Happy birthday, Millennium Park! Yes, the Chicago park named for the chronological milestone now 14 years in the rearview mirror is turning 10—it went famously over-schedule and over-budget but we love it nonetheless. Last year 4.75 million people visited Chicago’s front yard, taking in free concerts and events, and probably taking at least as many selfies with Anish Kapoor’s Cloud Gate and the flowing titanium locks of Frank Gehry‘s Pritzker Pavilion in the background.
In honor of the anniversary, the Chicago Department of Cultural Affairs and Special Events is kicking off a series of shows and exhibitions that includes new work from Crown Fountain designer Jaume Plensa. Hey, Jaume! Email us if you need another face for your 40-foot LED projection!
Here at AN, we’re celebrating with ten of our favorite photographs of the park taken over the past decade and more. Take a look below.
Decades before the Americans With Disabilities Act, Frank Lloyd Wright designed an accessible home for a World War II veteran. Now Wright’s only home designed for a person with a disability will open to the public. Wright’s Kenneth & Phyllis Laurent House in Rockford, Illinois opens for tours on June 6, two days before what would have been its architect’s 147th birthday.
Ludwig Mies van der Rohe’s archetypal modernist home, the Farnsworth House, is drowning. The banks of the Fox River served as an idyllic setting for the building’s white steel and glass when it landed in Plano, Illinois. But lately the Fox has gone rabid, spilling over its banks three times in the past 18 years. So what to do? Preservationists are looking at installing hydraulic jacks to lift the house during floods, to the tune of about $3 million. Call it the Three Million Dollar Modernist. Ironically Mies put the house on stilts to prevent such flooding; I guess you can’t outwit a wily Fox.
A team of mayors and nonprofit foundations said Wednesday that they’ll spend enough retrofitting major U.S. cities to save more than $1 billion per year in energy costs. Former New York Mayor Michael Bloomberg’s philanthropy, the Doris Duke Charitable Foundation, and the Kresge Foundation pledged $3 million each year for three years to provide technical advisers for 10 cities across the country: Atlanta, Boston, Chicago, Denver, Houston, Kansas City, Los Angeles, Orlando, Philadelphia and Salt Lake City. Read More
Frank Lloyd Wright fans have had plenty to celebrate lately. In December the Prairie School architect’s first independent commission, the William Winslow House, went up for sale. Now there’s more good news, reports Blair Kamin for the Chicago Tribune: the balcony over Wright’s studio in Oak Park, Ill. will be open to the public during tours for the first time in 40 years.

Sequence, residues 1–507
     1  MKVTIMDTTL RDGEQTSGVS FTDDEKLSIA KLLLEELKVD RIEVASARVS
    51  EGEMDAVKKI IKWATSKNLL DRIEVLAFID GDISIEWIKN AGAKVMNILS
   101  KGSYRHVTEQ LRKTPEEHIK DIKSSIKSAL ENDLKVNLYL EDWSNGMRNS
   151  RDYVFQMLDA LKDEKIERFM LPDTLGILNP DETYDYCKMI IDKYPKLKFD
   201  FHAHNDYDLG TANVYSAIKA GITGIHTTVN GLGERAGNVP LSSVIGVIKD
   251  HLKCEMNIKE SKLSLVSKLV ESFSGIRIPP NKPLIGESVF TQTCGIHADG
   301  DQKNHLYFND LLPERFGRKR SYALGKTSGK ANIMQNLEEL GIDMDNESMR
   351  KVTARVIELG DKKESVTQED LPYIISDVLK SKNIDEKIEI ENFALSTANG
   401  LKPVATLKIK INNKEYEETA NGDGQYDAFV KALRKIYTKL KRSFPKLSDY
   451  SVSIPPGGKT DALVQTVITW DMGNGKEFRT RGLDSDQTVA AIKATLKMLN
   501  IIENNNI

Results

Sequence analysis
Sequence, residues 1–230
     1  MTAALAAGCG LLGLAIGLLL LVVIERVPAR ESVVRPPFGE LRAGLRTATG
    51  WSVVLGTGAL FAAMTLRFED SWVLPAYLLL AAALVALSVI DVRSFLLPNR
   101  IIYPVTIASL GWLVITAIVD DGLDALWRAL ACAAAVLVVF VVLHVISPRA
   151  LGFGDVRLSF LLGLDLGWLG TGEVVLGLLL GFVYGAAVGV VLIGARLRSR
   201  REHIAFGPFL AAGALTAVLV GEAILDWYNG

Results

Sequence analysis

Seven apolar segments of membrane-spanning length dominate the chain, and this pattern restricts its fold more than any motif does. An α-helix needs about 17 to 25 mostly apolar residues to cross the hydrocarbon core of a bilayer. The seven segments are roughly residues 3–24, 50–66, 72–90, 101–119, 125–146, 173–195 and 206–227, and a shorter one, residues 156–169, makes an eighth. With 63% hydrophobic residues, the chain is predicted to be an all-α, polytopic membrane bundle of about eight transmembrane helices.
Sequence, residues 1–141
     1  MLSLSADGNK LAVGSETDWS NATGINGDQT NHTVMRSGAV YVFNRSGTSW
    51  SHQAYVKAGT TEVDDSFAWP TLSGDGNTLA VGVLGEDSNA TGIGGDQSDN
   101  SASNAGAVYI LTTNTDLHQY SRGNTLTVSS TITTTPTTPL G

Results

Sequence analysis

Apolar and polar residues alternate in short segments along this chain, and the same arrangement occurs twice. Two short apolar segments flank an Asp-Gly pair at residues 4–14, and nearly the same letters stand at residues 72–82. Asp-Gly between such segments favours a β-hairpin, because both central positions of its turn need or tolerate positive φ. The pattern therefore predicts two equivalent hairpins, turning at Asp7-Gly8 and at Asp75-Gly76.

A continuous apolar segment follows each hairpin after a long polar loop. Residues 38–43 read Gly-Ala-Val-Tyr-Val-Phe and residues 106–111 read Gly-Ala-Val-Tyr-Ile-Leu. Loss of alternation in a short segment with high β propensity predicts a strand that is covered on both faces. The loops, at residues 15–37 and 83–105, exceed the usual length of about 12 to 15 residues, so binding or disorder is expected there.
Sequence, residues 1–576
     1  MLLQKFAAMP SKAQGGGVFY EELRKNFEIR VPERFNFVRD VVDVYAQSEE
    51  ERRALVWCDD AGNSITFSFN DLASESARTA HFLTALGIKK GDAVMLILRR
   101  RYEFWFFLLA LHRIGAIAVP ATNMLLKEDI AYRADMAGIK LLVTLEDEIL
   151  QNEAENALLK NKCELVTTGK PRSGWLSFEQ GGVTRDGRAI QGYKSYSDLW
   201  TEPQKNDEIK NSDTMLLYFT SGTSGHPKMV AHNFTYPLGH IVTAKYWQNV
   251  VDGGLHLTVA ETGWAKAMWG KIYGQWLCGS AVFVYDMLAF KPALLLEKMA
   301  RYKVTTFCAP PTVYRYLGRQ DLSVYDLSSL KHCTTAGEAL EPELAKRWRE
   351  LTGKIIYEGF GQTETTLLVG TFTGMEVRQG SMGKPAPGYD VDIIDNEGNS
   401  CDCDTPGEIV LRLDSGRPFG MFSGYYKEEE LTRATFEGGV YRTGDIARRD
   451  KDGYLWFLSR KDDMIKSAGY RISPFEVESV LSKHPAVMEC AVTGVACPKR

The Frank Lloyd Wright Trust will give two guided home and studio tours each day starting March 21, at 10 a.m. and 4 p.m. An installation on the balcony at 951 Chicago Ave. in Oak Park will celebrate Wright’s work and that of his colleagues Marion Mahony Griffin, Walter Burley Griffin, and William Drummond.
Wright, 22 at the time, designed the home studio for his family in 1889.
Amid the clamor to take advantage of Chicago Architecture Foundation’s Open House this weekend, some may have missed the opening of Studio Gang’s boathouse along the Chicago River’s north branch. The WMS Boathouses at Clark Park opened Saturday to fanfare led by the Chicago Rowing Foundation, who were eager to celebrate the first of four new boathouses to be built along the Chicago River. Read More
Chicago’s Loyola University has wasted no time, it seems, in taking advantage of low interest loans in the wake of the 2008 financial crisis. The school has spent more than $500 million on building projects since 2008, reported Crain’s Chicago Business.
At No. 106 in U.S. News and World Report’s 2013 ranking of national universities, Loyola could stand to improve its public profile. Though it gained 13 places since last year’s ranking, the school lags nearby Northwestern (12th) and the University of Chicago (4th) considerably.
The expansion includes new buildings at both the medical campus in suburban Maywood, IL. (here’s AN’s coverage of a sleek new home for the university’s nursing school) and in Chicago’s Rogers Park, where a $58.8 million Institute of Environmental Sustainability opens this month. Read the full Crain’s report here.
Work took place in March to replace a portion of Chicago’s Wells Street bridge—“the engineering equivalent of a heart transplant,” in the words of the Tribune’s Cynthia Dizikes. Work crews replaced a portion of the 91-year old double-decker bascule bridge during just two nine-day periods (a similar replacement in 1996 took almost a year). Inconvenience or not, seeing a 500,000-pound hunk of metal floating into downtown Chicago atop a barge makes one feel like a witness to latter-day Carl Sandburg paeans: “Here is a tall bold slugger set vivid against the little soft cities.”